Collaborative law or collaborative practice, refers to a method of resolving a dispute respectfully – without going to court.  You and your spouse each have your own collaboratively trained lawyer.  Your collaborative team also includes a family professional and a financial professional who provide specialized support and guidance through the process.  The team works together to help you find solutions that meet your family's needs.

Collaborative practice requires that both spouses sign a participation agreement at the beginning of the process that states you will:

  • Deal with each other in good faith;
  • Provide all of your financial information to one another;
  • Be respectful, constructive and timely in your written and verbal communication;
  • Put your children's needs first;
  • Share your interests, needs, goals and consider those of your spouse; and
  • Discuss and negotiate options for a mutually acceptable settlement.

The participation agreement also states you will not:

  • Use the threat to go to court as a means of achieving a desired outcome or forcing a settlement; and
  • Take advantage of mistakes.

The participation agreement also confirms that all discussions in the collaborative process are confidential and that your collaborative lawyer cannot act for you in court.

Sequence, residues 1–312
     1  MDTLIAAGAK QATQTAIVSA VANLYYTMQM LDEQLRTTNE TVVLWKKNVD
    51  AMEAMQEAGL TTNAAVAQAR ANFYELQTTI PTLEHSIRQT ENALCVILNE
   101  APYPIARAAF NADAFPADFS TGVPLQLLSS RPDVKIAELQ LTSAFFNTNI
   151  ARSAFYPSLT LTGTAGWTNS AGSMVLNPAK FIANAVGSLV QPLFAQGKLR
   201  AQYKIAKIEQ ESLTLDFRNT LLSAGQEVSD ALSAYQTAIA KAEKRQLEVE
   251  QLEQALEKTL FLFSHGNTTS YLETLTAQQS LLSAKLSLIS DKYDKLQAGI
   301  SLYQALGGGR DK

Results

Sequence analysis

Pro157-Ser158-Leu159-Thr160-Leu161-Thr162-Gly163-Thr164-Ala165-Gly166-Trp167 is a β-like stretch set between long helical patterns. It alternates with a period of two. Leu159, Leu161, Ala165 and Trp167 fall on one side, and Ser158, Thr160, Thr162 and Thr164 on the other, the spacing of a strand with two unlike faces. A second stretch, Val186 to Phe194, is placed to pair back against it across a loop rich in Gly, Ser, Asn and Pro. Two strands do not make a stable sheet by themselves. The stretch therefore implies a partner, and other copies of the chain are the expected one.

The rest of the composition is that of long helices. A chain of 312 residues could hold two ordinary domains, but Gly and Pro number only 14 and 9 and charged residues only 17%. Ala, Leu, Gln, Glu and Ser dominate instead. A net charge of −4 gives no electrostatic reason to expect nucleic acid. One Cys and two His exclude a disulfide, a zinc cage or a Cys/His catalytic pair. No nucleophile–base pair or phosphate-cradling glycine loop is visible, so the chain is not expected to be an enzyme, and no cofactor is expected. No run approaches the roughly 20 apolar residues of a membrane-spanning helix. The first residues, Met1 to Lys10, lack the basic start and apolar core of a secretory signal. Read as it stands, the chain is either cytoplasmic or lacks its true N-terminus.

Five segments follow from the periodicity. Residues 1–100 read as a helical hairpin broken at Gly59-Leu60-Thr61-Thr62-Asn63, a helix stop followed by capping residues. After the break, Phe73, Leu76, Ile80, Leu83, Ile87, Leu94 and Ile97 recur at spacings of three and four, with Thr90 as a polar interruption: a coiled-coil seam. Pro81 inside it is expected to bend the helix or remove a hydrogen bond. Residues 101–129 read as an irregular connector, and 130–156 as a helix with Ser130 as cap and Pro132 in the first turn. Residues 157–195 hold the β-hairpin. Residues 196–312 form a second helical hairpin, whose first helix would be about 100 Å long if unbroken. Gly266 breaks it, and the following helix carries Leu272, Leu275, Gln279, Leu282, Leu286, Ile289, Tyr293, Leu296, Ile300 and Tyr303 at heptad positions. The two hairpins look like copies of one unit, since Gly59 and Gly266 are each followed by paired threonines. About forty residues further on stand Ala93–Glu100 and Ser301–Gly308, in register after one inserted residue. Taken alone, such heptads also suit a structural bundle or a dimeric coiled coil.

As part of the collaborative process, both parties are required to make full and complete financial disclosure.  For more information about what financial information must be exchanged, click here.

The negotiation process is interest-based.  Collaborative lawyers advocate for their clients, advise them on their rights and obligations under the law, and help them meet the family's most important interests.  The negotiation encourages spouses to work together respectfully and can help improve communication for the future.

For more information about the collaborative process, go to  and

About the Collaborative Process

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Collaborative Practice

Pro Bono Family Law Project